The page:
03 March 2009

The Will to Fight

I just don't understand Stephen Harper anymore. He's already sacrificed ideological consistency on the economy in order to prolong the survival of his government by a few extra months. He's decimated Canada's fiscal prosperity via cheap parlour tricks and ramped up spending while cutting revenues. And now, he's taken a page from Jack Layton's playbook on the war on terror & tyranny.

"We are not going to ever defeat the insurgency." - Stephen Harper

"It's an endless mission. There's no end in sight. We say it's a dead end. No one has laid out, anywhere, that it's possible to ultimately win a war in this region.
No one. And historical experience shows that it's been impossible – whether it be Alexander the Great, the British in the 19th century, or the Russians in the 20th century." - Jack Layton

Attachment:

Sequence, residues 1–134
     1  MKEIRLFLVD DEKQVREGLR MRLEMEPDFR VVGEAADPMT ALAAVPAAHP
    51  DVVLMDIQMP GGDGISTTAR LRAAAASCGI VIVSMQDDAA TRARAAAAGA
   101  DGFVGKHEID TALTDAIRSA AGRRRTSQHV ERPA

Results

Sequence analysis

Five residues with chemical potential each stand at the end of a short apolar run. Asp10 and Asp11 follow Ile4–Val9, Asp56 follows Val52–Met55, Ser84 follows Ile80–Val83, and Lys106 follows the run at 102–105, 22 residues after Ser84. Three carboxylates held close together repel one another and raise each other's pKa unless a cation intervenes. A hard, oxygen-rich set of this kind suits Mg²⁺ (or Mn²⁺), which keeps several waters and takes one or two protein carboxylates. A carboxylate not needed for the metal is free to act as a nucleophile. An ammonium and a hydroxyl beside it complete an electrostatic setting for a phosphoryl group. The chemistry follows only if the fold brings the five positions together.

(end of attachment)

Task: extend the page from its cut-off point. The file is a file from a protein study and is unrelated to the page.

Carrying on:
It's interesting to note that last year Layton was worried Stephane Dion would drift towards Stephen Harper when it come to a position on Afghanistan. Now, instead we see Stephen Harper drifting towards Jack Layton. One more nail in this government's coffin.

Victory in Afghanistan is not an impossible objective. It is not an unwinnable war. However, it has been a poorly managed conflict in which the other two D's--diplomacy and development--have taken a back seat to the defence aspect. The Taliban can certainly be relegated to defeat; because they have not, it is a fallacy to assume that they will not. A strong, forward military movement against them, in tandem with soft power objectives that give Afghans a clear vision of what the future can offer without them and that align Afghanistan's neighbours against the Taliban, will be victorious. Our leaders have for too long been treating Afghanistan as a back-burner agenda item and allowed the Taliban to fester. With the United States now renewing its focus towards Kabul, the time is nigh for NATO allies, particularly Canada, to do the same and take all necessary steps to defeat the insurgency and compel them to give up their arms in defeat.

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